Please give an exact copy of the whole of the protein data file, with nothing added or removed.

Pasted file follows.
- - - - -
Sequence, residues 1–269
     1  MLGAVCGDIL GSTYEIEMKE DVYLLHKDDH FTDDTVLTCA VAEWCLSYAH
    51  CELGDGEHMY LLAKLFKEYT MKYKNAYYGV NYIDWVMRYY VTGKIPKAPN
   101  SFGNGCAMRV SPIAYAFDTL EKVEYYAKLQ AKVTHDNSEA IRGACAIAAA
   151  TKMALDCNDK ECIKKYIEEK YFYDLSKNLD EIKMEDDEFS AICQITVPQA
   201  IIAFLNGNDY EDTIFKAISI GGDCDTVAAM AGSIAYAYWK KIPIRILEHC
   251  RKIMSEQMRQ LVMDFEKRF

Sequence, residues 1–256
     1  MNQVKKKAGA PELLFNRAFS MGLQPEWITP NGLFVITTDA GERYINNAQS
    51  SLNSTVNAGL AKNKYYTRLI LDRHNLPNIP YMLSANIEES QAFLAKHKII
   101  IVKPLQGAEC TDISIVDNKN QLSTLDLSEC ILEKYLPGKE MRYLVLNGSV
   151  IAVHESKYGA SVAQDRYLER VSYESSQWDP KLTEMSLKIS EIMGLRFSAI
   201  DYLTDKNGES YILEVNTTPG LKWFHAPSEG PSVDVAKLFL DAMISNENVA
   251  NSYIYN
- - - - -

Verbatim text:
Sequence, residues 1–269
     1  MLGAVCGDIL GSTYEIEMKE DVYLLHKDDH FTDDTVLTCA VAEWCLSYAH
    51  CELGDGEHMY LLAKLFKEYT MKYKNAYYGV NYIDWVMRYY VTGKIPKAPN
   101  SFGNGCAMRV SPIAYAFDTL EKVEYYAKLQ AKVTHDNSEA IRGACAIAAA
   151  TKMALDCNDK ECIKKYIEEK YFYDLSKNLD EIKMEDDEFS AICQITVPQA
   201  IIAFLNGNDY EDTIFKAISI GGDCDTVAAM AGSIAYAYWK KIPIRILEHC
   251  RKIMSEQMRQ LVMDFEKRF

Sequence, residues 1–256
     1  MNQVKKKAGA PELLFNRAFS MGLQPEWITP NGLFVITTDA GERYINNAQS
    51  SLNSTVNAGL AKNKYYTRLI LDRHNLPNIP YMLSANIEES QAFLAKHKII
   101  IVKPLQGAEC TDISIVDNKN QLSTLDLSEC ILEKYLPGKE MRYLVLNGSV
   151  IAVHESKYGA SVAQDRYLER VSYESSQWDP KLTEMSLKIS EIMGLRFSAI
   201  DYLTDKNGES YILEVNTTPG LKWFHAPSEG PSVDVAKLFL DAMISNENVA
   251  NSYIYN